Sit-In Survivor Challenges Others to Do More

Thousands Gather for 50th Anniversary March, Museum Opening

Fifty years ago, on Feb. 1, 1960, four North Carolina A&T students took a stand against segregation by sitting down at a F.W. Woolworth store counter. This simple act by four freshmen, now known as the A&T Four or the Greensboro Four, inspired students in North Carolina — and around the country.


Today, thousands of people came back to the very place where it all began to honor them and to commemorate the opening of the International Civil Rights Center & Museum. At noon, they will retrace the activitists’ steps by marching from the campus to the museum, which officially opened this morning in the Woolworth building. 


One of the four, Franklin E. McCain, looks at the museum opening as a challenge to himself and the next generation.


“The opening of the museum to me personally means a challenge,” McCain said in an interview with the Howard University News Service. “It reminds me of what happened on Feb. 1st and presents me with the question ‘what have I done lately?’ 


“The museum is like a report card for me,” he explained. “I do a little self-introspection and give myself a grade. The grade I come back with is a C.  I have to recognize that I cannot live on Feb. 1st for the rest of my life. I have to continue to do other great things. That’s what I have been doing.”

He was one of the two survivors among the Greensboro Four who are participating int the five-day series of events, including a breakfast this morning and luncheon on Friday honoring the sit-in activists. Snow forced the cancellation of  Saturday and Sunday events, including the 50th anniversary gala and an ecumenical service.

McCain, who still resides in the Greensboro area, worked for 35 years at the Celanese Corp. in Charlotte, N.C. Now retired, with a wife, Bettye Davis, and three sons, McCain still remains an oral historian for the events that happened that day.

Jibreel Khazan (Ezell Blair Jr.) now works with the developmentally challenged in New Bedford, Mass., while Joseph McNeil joined the Air Force and later retired from the Federal Aviation Administration. David Richmond died on Dec. 7, 1990.

Although the Greensboro sit-ins might have started with four young men, the impact it had across the country encompassed tens of thousands.

When the four arrived at Woolworth on the second day of the sit-in, national and local reporters had gathered at the store. The media attention helped to take make the local protest a national one.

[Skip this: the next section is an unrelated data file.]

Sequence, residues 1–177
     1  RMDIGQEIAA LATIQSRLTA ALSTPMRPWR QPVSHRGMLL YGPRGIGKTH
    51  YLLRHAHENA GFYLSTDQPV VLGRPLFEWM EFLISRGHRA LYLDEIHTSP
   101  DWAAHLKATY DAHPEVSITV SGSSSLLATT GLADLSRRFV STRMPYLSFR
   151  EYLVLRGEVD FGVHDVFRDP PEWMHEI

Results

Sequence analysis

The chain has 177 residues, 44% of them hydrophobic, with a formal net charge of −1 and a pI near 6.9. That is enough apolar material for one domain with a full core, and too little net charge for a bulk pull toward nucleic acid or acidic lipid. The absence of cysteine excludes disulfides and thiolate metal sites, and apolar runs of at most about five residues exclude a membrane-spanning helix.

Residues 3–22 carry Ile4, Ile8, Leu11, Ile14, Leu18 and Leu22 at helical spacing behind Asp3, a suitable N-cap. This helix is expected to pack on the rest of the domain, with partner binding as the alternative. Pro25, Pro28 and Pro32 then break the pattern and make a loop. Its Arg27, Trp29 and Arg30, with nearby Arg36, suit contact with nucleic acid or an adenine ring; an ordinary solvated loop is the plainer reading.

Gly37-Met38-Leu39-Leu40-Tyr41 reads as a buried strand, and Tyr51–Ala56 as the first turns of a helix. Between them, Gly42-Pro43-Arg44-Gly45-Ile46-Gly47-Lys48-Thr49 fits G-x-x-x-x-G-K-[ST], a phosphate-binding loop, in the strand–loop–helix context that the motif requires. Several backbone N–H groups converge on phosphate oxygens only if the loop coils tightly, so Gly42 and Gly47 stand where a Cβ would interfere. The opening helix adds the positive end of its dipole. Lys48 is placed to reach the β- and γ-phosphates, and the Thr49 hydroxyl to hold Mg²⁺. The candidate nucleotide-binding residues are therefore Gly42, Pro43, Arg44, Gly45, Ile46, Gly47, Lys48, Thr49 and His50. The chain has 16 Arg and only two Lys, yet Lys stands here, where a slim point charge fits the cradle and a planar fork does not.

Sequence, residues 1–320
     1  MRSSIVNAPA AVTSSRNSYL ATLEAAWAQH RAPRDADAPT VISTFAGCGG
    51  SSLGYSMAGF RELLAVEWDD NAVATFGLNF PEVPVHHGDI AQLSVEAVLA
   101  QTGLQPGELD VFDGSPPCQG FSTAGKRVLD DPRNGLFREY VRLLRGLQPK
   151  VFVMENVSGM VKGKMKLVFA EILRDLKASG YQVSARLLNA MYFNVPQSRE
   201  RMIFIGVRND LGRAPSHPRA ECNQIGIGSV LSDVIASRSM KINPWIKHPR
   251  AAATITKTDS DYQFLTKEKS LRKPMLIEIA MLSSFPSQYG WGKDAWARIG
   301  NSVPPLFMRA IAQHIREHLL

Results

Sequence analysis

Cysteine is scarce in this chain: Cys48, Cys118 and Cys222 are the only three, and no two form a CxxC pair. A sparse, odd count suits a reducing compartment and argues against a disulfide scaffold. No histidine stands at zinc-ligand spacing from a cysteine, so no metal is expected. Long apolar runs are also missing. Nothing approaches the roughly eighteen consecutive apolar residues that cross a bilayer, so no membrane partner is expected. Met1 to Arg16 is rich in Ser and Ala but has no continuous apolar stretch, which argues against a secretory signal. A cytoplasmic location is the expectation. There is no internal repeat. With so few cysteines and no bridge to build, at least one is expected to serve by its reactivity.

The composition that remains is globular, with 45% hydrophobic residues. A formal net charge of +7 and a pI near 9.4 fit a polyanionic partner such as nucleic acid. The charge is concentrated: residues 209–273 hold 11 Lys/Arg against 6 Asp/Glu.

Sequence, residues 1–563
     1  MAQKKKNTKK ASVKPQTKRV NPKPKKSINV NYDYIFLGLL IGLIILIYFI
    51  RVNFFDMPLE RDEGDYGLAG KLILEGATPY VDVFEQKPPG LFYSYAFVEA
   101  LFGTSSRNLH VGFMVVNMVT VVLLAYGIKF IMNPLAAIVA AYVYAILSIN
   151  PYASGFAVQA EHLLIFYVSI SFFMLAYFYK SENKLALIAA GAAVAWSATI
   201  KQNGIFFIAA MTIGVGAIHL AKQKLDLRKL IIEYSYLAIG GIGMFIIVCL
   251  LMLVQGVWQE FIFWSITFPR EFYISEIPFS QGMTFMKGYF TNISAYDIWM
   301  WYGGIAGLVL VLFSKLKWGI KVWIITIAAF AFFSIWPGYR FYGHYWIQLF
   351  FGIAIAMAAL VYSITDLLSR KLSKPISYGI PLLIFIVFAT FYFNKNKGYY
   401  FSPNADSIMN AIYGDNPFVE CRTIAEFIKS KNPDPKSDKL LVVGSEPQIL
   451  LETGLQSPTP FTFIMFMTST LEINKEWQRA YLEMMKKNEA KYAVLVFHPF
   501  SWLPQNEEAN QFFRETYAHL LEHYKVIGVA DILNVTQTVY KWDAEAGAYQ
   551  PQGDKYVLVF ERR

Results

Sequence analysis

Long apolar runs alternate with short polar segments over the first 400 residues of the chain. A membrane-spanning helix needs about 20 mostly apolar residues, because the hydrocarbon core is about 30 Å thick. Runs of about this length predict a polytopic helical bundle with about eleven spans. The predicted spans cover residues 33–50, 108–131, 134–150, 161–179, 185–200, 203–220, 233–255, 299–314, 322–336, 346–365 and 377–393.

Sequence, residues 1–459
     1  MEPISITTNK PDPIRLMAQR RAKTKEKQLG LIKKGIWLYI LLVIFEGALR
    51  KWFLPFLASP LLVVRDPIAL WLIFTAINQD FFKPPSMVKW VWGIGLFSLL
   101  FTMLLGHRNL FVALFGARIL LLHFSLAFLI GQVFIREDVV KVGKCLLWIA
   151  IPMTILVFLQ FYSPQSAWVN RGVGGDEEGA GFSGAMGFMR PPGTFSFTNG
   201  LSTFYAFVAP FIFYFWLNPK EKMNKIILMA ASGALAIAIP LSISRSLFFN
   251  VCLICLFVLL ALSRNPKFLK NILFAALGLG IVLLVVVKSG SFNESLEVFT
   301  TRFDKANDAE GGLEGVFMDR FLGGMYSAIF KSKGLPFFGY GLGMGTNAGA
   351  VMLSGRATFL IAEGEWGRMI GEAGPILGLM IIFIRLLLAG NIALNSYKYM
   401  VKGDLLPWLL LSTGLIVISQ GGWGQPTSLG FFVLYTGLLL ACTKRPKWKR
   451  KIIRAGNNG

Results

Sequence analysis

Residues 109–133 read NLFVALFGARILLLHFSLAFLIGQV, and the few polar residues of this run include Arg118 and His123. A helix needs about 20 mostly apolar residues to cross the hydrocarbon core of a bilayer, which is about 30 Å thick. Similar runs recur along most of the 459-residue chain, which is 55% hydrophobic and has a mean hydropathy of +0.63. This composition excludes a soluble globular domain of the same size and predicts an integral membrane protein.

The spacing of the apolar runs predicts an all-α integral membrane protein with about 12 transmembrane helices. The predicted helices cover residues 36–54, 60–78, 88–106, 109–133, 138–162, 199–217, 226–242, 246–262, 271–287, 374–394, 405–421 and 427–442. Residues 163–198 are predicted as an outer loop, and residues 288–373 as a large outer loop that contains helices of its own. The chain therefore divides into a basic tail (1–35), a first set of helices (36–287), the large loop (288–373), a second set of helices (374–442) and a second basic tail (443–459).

Students from A&T, Bennett College and even three white students from Greensboro Women’s College descended upon the Woolworth store to participate in the non-violent sit-in.

As the news spread, students at other colleges in 40 other cities around the country began engaging in their own protests.

In the span of six days, the number of people participating in the Woolworth sit-ins grew from four to more than 1,000.

According to 69-year-old Howard Patterson, the infamous Greensboro Four was almost the Greensboro Five.

“They passed me that Monday going down to demonstrate,” reminisced Patterson. “They said ‘come on Pat,’ and I said ‘y’all go ahead, I have to go to class.’ I missed that first day but I got involved the next day and stayed involved until May of 1963. When I look back now, I feel kind of bad because I could have been No. 5.”

The weekend-long commemorative activities began on Thursday with a town hall that drew more than 500 people to A&T’s Alumni Events Center to hear panelists such as Rev. Jesse Jackson, Bennett College President Julianne Malveaux, A&T Chancellor Harold L. Martin Sr. and Benjamin F. Chavis Jr., one of the Wilmington 10 and now president of the Hip-Hop Summit Action Network.

The following day, a luncheon honored the Greensboro Four and 16 other unsung heroes who played a major role in the civil rights efforts in Greensboro. Later that night, A&T student playwright Kevin Wilson staged his play, “Mississippi Mourning: The Emmett Till Story,’  in the Harrison Auditorium.

Here is today’s schedule:


5:30 a.m. | Sit-in Anniversary Breakfast and

6:30 a.m. | Sit-In Program & Human Rights Medal Award

Empire Ballroom – Downtown Greensboro

8 a.m. | International Civil Rights Center & Museum Ribbon Cutting Ceremony

8 a.m. to 9:30 a.m. | People’s Breakfast, A&T Williams Cafeteria

10 a.m. to 11:15 a.m. |”The Role of Bennett Women in the Sit-Ins,” Pfeiffer Chapel


11 a.m.  | Adornment of the A&T Four

Buildings & Laying of the Wreath

A&T Aggie Village


11:30 a.m. | Burying  of the Time Capsule

A&T February One Monument


12 p.m. | Commemorative March

A&T February One Monument


Visit HUNewsService.com for ongoing updates on the commemoration.